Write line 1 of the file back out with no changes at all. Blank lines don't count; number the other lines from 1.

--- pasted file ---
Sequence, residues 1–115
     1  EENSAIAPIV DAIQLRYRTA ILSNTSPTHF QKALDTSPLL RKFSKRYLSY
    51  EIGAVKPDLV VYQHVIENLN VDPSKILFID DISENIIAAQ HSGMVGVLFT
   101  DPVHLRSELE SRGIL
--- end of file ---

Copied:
Sequence, residues 1–115